Lex News: Last Month in Medicine – What’s Happening in the Medical World??

Curated By- Dr. Sai Lavanya Patnala & Madhav Bansal

  1. New COVID strain tracked, may evade existing vaccines

The CDC is tracking a newly discovered strain of COVID-19 called BA.2.86 after a case of BA.2.86 was detected at a laboratory at the University of Michigan. A case was also detected in the United Kingdom, reportedly. The World Health Organization is also tracking BA.2.86 and has classified it as a “variant under monitoring.” This strain is of particular concern because of its more than 30 mutations. “BA.2.86 may be more capable of causing infection in people who have previously had COVID-19 or who have received COVID-19 vaccines,” the CDC risk assessment stated. CDC and WHO caution that more data is needed to truly understand the threat posed by BA.2.86

  1. New research on  long COVID or neurological post-acute sequelae of SARS-CoV-2 infection (Neuro-PASC)

So far it has been estimated that up to one third of people who survive acute SARS-CoV-2 infection suffer a post-viral syndrome with lingering neurologic and other symptoms. A new research at Northwestern Medicine Comprehensive COVID-19 Center in Chicago suggests that the number may be underestimated and found that significant proportion of patients who had never tested positive for COVID-19 but who were having symptoms of long COVID nevertheless showed evidence of immune responses consistent with previous exposure. The researchers found that three-quarter patients of their small study harbored anti-nucleocapsid and 50% harbored anti-spike responses.

  1.  Live worm found in a woman’s brain by Australian surgeon

In a world first, scientists say an 8cm (3in) worm has been found alive in the brain of an Australian woman. The 64 year old had for months suffered symptoms like stomach pain, a cough and night sweats, which evolved into forgetfulness and depression. She was admitted to hospital in 2021, and a scan later revealed “an atypical lesion within the right frontal lobe of the brain”. Dr Hari Priya Bandi pulled out a “string-like structure” from the patient’s damaged frontal lobe during surgery 2022. Her case is believed to be the first instance of a larvae invasion and development in the human brain, researchers said in the Emerging Infectious Diseases journal. Australian parasitology expert Mehrab Hossain said she suspected the woman became an “accidental host” after using the foraged plants – contaminated by python faeces and parasite eggs – for cooking. Researchers warn the case highlights the increased danger of diseases and infections being passed from animals to people. Ophidascaris robertsi roundworm is common in carpet pythons – non-venomous snakes found across much of Australia.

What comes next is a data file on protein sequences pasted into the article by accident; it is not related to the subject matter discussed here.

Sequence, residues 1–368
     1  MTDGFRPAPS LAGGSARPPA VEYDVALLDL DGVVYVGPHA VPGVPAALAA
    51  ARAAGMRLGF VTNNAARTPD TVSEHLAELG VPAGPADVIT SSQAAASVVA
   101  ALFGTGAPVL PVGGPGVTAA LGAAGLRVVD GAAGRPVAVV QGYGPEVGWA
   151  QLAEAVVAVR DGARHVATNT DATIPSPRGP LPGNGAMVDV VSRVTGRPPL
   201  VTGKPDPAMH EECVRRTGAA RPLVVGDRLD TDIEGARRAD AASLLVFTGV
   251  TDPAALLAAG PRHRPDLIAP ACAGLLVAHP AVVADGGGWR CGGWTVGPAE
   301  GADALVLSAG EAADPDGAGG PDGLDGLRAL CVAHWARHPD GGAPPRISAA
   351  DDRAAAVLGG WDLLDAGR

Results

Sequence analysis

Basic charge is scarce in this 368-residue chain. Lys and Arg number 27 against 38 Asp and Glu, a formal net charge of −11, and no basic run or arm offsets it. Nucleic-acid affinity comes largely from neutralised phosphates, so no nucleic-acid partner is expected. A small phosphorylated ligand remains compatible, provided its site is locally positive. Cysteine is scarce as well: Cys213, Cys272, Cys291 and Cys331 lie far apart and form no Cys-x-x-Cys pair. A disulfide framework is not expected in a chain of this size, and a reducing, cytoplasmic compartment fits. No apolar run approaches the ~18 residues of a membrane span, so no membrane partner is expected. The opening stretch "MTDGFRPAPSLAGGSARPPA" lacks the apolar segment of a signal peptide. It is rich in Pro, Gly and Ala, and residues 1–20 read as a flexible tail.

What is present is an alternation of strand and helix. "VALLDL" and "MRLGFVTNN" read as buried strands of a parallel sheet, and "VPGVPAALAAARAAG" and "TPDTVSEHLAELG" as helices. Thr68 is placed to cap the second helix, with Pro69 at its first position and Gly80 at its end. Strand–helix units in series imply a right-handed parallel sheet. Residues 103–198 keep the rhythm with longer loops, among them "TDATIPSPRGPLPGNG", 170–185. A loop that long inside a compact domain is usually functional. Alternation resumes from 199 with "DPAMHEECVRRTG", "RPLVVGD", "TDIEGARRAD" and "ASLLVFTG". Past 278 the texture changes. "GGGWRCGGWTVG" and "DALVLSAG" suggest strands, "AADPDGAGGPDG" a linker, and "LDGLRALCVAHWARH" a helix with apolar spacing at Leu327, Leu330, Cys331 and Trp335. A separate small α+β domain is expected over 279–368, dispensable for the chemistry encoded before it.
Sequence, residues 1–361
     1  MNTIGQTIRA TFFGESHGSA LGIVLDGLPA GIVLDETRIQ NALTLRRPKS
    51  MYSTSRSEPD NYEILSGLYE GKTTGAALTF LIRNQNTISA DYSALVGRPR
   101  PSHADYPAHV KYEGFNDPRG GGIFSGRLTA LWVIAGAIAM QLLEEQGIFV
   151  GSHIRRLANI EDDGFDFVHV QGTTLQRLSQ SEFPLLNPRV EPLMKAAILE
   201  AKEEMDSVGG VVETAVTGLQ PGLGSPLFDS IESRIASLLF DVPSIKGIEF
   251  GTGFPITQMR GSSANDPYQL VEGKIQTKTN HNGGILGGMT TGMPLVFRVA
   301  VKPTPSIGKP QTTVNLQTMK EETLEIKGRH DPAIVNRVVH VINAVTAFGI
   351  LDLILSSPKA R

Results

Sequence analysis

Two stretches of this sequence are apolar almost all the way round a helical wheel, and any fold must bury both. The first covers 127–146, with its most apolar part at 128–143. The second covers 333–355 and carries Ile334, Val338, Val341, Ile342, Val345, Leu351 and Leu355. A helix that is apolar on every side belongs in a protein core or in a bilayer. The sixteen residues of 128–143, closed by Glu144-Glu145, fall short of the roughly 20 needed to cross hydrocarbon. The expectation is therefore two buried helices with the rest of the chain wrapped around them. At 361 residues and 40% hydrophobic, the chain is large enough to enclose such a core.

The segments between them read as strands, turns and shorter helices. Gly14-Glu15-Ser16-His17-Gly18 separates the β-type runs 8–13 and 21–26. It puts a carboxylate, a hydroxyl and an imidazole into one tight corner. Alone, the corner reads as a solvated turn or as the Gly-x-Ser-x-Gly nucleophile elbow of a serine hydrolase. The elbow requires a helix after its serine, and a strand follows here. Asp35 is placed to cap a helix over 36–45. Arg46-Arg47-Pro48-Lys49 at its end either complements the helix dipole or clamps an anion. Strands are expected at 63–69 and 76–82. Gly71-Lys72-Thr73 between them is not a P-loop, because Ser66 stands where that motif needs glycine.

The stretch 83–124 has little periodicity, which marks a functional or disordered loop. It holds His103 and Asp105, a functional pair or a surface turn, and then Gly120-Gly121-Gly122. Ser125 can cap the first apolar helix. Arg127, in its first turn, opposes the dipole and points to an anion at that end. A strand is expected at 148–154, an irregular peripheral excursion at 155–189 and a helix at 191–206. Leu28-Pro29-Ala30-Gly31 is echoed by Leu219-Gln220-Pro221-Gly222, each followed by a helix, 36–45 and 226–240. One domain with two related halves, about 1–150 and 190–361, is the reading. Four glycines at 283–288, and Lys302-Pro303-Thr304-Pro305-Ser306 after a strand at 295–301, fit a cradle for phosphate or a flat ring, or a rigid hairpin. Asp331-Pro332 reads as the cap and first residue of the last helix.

1. Atopic Dermatitis May Be a Risk Factor for GBS Colonisation in Pregnancy

Pregnant women with atopic dermatitis (AD) are more likely to be colonised with group B streptococcus (GBS), compared with other pregnant women, results from a large cross-sectional study by the department of Dermatology at the University of Pennsylvania, Philadelphia suggest. A possible explanation given by the researchers postulates that those with AD frequently receive antibiotics as part of their treatment which might alter their resident microbiome. Carriage rates may be enhanced by the inhibition of an important barrier protein called filaggrin (FLG) and FLG loss of function genetic variation is known to decrease barrier proteins thought to inhibit the colonisation of S. aureus and other pathogens,” the researchers wrote.

  1. Mohs Found to be more effective in Localized Merkel Cell Carcinoma